Before I give you the recipe, a tip about the baking pan. I noticed that all my baking attempts using beans stick badly. Whether I used paper muffin liners, a non-stick baking pan or generous buttering and even sprinkling the sides with almond meal, cakes made of beans seem to stick! However, the cake didn’t stick when I lined my pan with parchment paper! So make sure you line your pan with parchment. It is a bit of a pain to line the whole pan (base and 4 sides) with parchment so I did it the lazy way. I cut a piece that would cover both long sides and the base of the pan, buttered the pan generously and ‘stuck’ the parchment in place. That means that the two short sides were not lined but only buttered. After the cake was baked, I used a spatula to loosen the sides, the cake plopped out easily and the parchment peeled off nicely with no damage to the cake. So problem solved – cake wastage reduced.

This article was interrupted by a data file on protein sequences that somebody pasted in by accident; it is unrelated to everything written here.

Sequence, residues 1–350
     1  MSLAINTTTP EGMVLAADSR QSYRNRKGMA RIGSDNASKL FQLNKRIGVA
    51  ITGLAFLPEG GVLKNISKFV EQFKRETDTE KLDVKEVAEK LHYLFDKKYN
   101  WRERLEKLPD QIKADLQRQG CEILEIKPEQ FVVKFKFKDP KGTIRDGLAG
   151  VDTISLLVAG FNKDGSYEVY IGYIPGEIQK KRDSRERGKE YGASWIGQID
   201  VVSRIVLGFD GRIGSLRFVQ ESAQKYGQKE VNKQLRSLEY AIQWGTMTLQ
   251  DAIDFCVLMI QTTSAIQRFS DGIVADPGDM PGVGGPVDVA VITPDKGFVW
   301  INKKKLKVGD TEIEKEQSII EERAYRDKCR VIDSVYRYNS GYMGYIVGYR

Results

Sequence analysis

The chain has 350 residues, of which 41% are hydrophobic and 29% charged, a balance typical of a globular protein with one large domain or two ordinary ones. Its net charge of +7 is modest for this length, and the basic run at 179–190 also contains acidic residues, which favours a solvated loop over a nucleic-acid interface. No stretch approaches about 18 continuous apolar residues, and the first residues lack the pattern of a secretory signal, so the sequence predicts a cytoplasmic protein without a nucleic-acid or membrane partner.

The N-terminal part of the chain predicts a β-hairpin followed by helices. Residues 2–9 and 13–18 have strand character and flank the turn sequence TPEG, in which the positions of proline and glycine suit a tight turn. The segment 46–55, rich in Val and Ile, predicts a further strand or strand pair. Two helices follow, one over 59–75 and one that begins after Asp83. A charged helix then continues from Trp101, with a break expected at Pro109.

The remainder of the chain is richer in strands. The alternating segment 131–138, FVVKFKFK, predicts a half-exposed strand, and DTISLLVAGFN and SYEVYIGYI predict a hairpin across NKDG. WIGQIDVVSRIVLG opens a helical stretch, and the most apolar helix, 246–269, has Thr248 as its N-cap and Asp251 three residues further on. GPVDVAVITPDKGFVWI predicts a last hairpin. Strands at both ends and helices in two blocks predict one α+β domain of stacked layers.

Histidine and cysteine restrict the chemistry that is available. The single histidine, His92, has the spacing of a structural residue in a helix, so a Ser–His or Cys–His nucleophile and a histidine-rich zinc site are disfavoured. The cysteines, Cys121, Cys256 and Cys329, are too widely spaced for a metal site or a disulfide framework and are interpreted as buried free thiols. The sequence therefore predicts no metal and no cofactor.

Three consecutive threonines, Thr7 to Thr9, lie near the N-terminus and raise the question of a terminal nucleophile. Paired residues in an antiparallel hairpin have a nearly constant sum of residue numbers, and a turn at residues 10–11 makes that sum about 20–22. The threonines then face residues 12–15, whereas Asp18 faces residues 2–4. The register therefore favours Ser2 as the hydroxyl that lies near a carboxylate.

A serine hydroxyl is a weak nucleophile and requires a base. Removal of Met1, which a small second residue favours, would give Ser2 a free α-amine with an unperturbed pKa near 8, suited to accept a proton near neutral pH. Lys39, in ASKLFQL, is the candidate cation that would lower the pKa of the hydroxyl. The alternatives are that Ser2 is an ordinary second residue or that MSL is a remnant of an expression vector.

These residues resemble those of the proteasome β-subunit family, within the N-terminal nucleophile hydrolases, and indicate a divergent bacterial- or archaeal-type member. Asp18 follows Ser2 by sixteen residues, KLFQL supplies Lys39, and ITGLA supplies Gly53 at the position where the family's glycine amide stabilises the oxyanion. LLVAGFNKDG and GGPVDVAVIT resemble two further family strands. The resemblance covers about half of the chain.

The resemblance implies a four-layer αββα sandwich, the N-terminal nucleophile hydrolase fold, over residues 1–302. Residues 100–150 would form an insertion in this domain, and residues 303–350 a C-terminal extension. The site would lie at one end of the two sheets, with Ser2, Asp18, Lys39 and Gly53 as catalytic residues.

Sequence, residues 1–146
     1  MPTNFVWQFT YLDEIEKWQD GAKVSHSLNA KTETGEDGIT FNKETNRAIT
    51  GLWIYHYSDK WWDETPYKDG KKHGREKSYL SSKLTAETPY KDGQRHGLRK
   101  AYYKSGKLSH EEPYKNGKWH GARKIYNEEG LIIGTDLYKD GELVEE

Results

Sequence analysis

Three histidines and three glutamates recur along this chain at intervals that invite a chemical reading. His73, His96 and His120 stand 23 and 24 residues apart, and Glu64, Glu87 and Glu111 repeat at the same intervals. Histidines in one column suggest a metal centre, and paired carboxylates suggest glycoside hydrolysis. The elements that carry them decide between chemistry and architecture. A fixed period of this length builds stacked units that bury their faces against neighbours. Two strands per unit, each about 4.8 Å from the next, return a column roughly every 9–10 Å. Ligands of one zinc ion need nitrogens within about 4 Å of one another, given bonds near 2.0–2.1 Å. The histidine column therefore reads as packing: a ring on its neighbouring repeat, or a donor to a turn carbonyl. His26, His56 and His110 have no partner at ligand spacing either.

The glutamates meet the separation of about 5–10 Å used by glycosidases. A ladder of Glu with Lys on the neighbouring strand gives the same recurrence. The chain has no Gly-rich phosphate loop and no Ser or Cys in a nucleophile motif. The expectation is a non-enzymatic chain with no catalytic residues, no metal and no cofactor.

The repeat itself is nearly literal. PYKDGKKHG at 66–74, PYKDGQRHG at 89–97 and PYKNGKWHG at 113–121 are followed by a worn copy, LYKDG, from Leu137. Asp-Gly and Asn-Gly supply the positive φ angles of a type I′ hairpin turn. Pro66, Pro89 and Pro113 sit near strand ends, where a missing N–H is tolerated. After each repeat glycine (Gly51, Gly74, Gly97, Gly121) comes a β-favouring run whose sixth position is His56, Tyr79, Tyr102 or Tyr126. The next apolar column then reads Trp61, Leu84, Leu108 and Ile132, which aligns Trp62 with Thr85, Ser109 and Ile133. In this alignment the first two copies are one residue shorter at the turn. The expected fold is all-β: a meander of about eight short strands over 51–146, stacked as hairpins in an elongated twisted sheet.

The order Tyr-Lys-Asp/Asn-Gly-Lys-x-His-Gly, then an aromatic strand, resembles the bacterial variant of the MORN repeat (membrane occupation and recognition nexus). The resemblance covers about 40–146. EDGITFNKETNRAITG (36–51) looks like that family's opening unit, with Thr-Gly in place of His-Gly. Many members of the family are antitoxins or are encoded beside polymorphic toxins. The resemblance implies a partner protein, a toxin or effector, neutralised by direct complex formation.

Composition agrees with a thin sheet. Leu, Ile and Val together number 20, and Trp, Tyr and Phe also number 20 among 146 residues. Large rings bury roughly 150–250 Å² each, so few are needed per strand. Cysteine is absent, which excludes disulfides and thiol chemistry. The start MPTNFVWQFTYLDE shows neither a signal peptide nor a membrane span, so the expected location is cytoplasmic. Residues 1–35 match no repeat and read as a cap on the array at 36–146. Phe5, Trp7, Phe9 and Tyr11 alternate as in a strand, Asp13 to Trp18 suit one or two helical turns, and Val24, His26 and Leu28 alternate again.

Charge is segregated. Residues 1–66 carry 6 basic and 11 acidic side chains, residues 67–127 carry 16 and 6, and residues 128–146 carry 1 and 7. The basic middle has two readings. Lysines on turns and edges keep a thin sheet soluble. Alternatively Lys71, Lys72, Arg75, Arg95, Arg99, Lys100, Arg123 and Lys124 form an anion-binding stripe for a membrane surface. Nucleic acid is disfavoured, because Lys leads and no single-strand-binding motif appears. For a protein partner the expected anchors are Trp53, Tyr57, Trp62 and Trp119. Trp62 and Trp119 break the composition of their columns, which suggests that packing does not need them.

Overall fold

I have an idea but haven’t been able to test it out yet. Using a silicon pan may be the solution. If it works, then I would be able to make muffins because right now, I think muffins create too much wastage.
Update – 5 Oct. 2011 – A silicon pan does work much, much better. If you have a silicon pan, forget the parchment.
Another tip – once you’ve added your baking powder and baking soda, don’t wait too long before putting the baking pan into the oven. The baking soda will start working and you don’t want the bubbles to deflate.